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Horace Greeley, The American Conflict: A History of the Great Rebellion in the United States of America, 1860-65: its Causes, Incidents, and Results: Intended to exhibit especially its moral and political phases with the drift and progress of American opinion respecting human slavery from 1776 to the close of the War for the Union. Volume I. 70 4 Browse Search
Rebellion Record: a Diary of American Events: Documents and Narratives, Volume 3. (ed. Frank Moore) 66 0 Browse Search
C. Edwards Lester, Life and public services of Charles Sumner: Born Jan. 6, 1811. Died March 11, 1874. 52 0 Browse Search
Rebellion Record: a Diary of American Events, Diary from December 17, 1860 - April 30, 1864 (ed. Frank Moore) 52 2 Browse Search
Benson J. Lossing, Pictorial Field Book of the Civil War. Volume 1. 31 1 Browse Search
Rebellion Record: a Diary of American Events: Documents and Narratives, Volume 2. (ed. Frank Moore) 28 0 Browse Search
Hon. J. L. M. Curry , LL.D., William Robertson Garrett , A. M. , Ph.D., Confederate Military History, a library of Confederate States Military History: Volume 1.1, Legal Justification of the South in secession, The South as a factor in the territorial expansion of the United States (ed. Clement Anselm Evans) 26 0 Browse Search
Harper's Encyclopedia of United States History (ed. Benson Lossing) 26 0 Browse Search
Robert Underwood Johnson, Clarence Clough Buell, Battles and Leaders of the Civil War: Volume 2. 24 0 Browse Search
The Daily Dispatch: December 20, 1861., [Electronic resource] 22 0 Browse Search
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Browsing named entities in The Daily Dispatch: December 20, 1861., [Electronic resource]. You can also browse the collection for James M. Mason or search for James M. Mason in all documents.

Your search returned 11 results in 3 document sections:

f the British Government, growing out of the removal of Messrs. Mason and Slidell from the Trent, having yet to be presented,imatum from the English Government in regard to Slidell and Mason is expected at the beginning of diplomatic correspondence oe, but the unanimous feeling was that England's demands for Mason and Slidell could not be listened to for a moment. The sobs determined to demand the release of the rebel emissaries, Mason and Slidell. If, however, such be the case, the feeling seomment on the news from England, in relation to the Slidell-Mason excitement. The N. Y. Times, Rep. speaking of the decision, a British mail steamer, and forcibly remove therefrom Jas. M. Mason and John Slidell, disloyal citizens, leading conspirato, and patriotic conduct, in the arrest of the traitors James M. Mason and John Slidell, and Whereas, further, on the sahis House did request the President to confine the said Jas. M. Mason and John Slidell in the cells of convicted felons, unti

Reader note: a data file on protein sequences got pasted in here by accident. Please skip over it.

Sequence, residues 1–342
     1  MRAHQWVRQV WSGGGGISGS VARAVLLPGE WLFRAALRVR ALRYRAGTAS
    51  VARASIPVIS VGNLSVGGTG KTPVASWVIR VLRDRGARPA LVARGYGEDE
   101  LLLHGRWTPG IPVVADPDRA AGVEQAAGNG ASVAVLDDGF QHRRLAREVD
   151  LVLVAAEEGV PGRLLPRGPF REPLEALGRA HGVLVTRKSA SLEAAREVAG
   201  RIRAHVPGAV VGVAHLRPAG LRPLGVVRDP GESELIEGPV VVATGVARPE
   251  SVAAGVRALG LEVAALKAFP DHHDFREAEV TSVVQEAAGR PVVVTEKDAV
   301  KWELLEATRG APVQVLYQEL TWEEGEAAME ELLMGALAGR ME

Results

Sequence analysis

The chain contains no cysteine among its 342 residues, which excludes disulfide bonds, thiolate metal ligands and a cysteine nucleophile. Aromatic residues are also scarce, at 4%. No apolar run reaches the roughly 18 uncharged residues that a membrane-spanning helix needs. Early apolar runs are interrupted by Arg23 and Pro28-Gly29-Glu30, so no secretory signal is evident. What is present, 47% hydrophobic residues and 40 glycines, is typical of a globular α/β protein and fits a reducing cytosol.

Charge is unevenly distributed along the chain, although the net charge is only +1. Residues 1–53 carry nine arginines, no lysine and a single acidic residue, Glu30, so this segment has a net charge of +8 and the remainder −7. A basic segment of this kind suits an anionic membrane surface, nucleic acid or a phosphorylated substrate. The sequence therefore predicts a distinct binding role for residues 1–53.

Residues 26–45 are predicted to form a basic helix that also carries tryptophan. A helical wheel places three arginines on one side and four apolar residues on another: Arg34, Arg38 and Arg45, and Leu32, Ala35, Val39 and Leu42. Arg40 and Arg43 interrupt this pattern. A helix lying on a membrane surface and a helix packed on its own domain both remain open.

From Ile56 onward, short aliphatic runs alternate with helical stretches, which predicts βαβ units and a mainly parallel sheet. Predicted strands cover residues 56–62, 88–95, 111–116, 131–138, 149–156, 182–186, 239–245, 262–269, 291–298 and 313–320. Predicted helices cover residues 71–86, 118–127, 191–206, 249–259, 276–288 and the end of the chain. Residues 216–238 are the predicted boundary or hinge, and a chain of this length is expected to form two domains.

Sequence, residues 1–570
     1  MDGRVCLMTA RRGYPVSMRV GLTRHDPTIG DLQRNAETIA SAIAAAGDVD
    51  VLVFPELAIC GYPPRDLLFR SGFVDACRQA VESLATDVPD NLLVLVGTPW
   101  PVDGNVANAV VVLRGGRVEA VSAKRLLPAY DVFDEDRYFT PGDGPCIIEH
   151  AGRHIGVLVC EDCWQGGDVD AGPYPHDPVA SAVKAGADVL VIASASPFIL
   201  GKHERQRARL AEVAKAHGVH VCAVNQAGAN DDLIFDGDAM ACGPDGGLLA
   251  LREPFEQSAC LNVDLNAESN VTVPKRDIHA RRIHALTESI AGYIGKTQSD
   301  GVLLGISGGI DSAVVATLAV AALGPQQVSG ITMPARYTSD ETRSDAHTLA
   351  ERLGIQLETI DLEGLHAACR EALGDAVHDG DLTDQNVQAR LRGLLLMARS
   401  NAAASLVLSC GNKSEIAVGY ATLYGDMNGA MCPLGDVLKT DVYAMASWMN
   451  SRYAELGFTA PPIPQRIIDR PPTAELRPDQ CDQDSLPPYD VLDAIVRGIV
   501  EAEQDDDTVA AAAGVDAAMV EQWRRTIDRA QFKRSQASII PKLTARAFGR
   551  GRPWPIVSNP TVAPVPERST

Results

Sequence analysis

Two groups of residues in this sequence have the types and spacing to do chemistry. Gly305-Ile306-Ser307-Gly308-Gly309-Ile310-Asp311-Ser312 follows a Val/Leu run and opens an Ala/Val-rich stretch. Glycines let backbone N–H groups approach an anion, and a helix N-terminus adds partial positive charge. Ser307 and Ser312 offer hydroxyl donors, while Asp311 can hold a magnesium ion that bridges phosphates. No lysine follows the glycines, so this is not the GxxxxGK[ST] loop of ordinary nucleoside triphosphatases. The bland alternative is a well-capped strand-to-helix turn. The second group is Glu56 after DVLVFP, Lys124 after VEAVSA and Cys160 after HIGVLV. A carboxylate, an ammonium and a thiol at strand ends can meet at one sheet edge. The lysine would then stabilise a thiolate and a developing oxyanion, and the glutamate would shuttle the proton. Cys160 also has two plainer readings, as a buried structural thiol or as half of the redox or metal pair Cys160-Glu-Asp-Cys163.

on of their friendship and sympathy, was about bidding them "good night," but this met with a most decided opposition. "Tell us some news!" shouted many of the sovereigns in his immediate vicinity. "Tell us some news from England, and news from Mason and Slidell" Well, said Mr. Faulkner,) I left Mr. Masonda good health and spirits. You know he is a man of heroic mould — not easily subhead. He had an abiding conviction that no sooner would the intelligence of the outrage reach England tord Lyons, in the event of a refusal, to demand his passports — And what do we now hear? You have learned from the newspapers that the Europa has arrived, and the messenger is probably now in this country, and the result must be a restoration of Mason and Sildell, or the Federal Government will be involved in inestimable war with England. [Cheers.]--Never was government in a more critical condition. If the demands of England are compiled with, and our Ministers are surrendered, there is a fa
The news from Europe. Among the reports telegraphed from Norfolk, yesterday, was a rumor, said to have come from Fortress Monroe, that Charles Francis Adams, United States Minister to England, demanded his passports immediately on the announcement of the Queen's proclamation. We find no allusion to this in any of the Northern papers received last evening. It is apparent, nevertheless, that the general news from England has created a deep feeling at the North, as well as a very visible effect upon the markets and finances. The Abolition journals bluster quite largely, hoping thereby to keep up the courage of the people to the sticking point; and the present indications are that England's demands for Mason and Slidell will not be listened to, though they may hope to avoid the exigencies of war by a prolonged process of "red tape" negotiation.